Weed man franchise

Discussion in 'Franchising' started by cdqat1432, Jan 23, 2013.

  1. jonthepain

    jonthepain LawnSite Senior Member
    Male, from Raleigh
    Messages: 595

    Post of the Week lol
  2. DalesLanscaping

    DalesLanscaping LawnSite Member
    Messages: 58

    Most of them are trying to get that quick jump in the Landscaping business but have no idea how to keep a customer. they are in turnover not keeping them.
  3. IES

    IES LawnSite Senior Member
    Messages: 296

    But the problem is that MILLIONs of other people have pulled in to McDonalds. So even with poor quality their business model works for their target market.
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  4. DalesLanscaping

    DalesLanscaping LawnSite Member
    Messages: 58

    Agreed there is something to be said for a name. many people just go for the name as they are familiar with it and figure they must be good becuase the name has been around for a while.

    I just do not think it is worth the price many ask for when you are making or breaking the name for them. I work hard and give good quality finished jobs. I also do not want to be huge. I guess if you are looking to grow massively then a franchise may be the way to go up front.
  5. JohnnyRocker

    JohnnyRocker LawnSite Senior Member
    Messages: 741

    Weedman had their signs in a yard next to one that I mow. I do not treat yards, but wow....their yard has never looked worse after they treated it for a season or so. Not sure if it was the franchise's fault, or the guy who they sent out, or both.
  6. conceptsketch

    conceptsketch LawnSite Member
    Messages: 16

    I would run not walk , franchises are scary , they claim to have your best interest . But there model is built so that they make money no matter what . This defies basic laws of business , Businesses fail, but Franchisors dont fail there franchisees do, the franchisors never loose money, only the franchisees do.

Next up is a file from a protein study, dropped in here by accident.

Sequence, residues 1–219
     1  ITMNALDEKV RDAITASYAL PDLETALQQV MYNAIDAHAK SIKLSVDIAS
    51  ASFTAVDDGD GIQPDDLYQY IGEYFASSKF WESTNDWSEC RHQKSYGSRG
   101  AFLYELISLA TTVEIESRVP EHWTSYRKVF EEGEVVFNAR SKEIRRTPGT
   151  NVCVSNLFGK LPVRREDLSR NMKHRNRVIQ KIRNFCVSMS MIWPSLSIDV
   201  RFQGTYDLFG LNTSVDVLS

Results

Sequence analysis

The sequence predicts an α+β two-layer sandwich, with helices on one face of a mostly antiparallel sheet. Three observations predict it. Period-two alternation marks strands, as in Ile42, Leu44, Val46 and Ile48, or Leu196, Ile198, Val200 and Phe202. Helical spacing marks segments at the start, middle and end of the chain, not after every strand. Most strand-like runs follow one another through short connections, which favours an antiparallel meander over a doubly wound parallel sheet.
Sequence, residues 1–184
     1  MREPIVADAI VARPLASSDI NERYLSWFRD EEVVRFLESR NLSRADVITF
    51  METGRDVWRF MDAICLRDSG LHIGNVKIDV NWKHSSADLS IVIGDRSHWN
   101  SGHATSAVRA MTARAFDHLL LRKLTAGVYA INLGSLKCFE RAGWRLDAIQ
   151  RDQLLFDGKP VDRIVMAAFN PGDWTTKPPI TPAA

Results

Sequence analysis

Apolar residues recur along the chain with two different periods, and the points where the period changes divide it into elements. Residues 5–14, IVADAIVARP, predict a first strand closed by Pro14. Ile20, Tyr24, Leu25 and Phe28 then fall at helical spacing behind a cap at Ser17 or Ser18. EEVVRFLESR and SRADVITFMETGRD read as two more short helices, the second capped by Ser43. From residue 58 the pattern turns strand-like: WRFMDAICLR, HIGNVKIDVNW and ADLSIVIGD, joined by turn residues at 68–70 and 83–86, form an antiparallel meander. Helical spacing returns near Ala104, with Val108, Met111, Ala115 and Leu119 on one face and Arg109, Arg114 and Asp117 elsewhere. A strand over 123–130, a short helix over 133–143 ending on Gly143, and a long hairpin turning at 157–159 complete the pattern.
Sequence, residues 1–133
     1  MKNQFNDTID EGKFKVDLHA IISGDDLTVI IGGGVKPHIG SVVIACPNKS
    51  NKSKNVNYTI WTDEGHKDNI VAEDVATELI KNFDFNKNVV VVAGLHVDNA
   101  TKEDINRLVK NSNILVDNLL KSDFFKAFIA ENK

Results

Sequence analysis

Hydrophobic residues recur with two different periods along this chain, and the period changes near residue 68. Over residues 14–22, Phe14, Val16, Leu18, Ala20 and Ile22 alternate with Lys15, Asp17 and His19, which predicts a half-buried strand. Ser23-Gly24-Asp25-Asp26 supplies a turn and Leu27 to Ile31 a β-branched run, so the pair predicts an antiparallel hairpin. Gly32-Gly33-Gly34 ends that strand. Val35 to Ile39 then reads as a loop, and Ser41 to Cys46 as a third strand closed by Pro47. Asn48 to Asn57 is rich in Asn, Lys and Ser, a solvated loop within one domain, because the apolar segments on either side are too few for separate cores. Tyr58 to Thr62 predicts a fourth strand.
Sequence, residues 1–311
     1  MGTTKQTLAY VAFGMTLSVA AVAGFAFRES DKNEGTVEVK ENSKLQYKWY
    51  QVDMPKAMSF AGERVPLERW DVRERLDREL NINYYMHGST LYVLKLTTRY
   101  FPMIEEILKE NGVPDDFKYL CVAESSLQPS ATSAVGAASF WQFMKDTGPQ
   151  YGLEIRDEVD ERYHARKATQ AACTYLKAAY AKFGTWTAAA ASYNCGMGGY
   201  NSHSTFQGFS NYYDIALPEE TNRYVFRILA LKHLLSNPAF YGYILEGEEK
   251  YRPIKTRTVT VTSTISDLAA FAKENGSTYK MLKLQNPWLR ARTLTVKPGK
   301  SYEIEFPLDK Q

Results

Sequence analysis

Weedman is very manipulative they act bigger then they are in the landscape management top 100 . They are from Canada at least 95 % is .
    The problem is the royalties in most franchises cant exceed 4 to 5 % for one to survive but weedman will take 10 to15 % ,That is insane 60 minutes did a series on it one time with royalties that high its a good shot at failure .:usflag: i dont recomend franchises because you really get ideas and some tools but thats it , Hire a consultant its cheaper .
  7. jonthepain

    jonthepain LawnSite Senior Member
    Male, from Raleigh
    Messages: 595

    great advice.
  8. bmburns99

    bmburns99 LawnSite Member
    Messages: 16

    I also run a Weed Man franchise and wanted to clear up a few misconceptions. First, Weed Man's royalties aren't 10-15%- they're typically closer to 5 or 6%. My advice when looking at franchising is to research the available options. I did this for a year before buying into Weed Man. It became very clear early on during my research which franchises were ones that I was interested in pursuing more information from.

    Weed Man is the top-ranked lawn care franchise by Entrepreneur Magazine. It was ranked #89 overall and #15 amongst home-based franchises. It's true that Weed Man was started in Canada in 1970. They started franchising aggressively in the US about 10-12 years ago. This year approximately 40% of sales will be from US based branches with the other coming from Canada.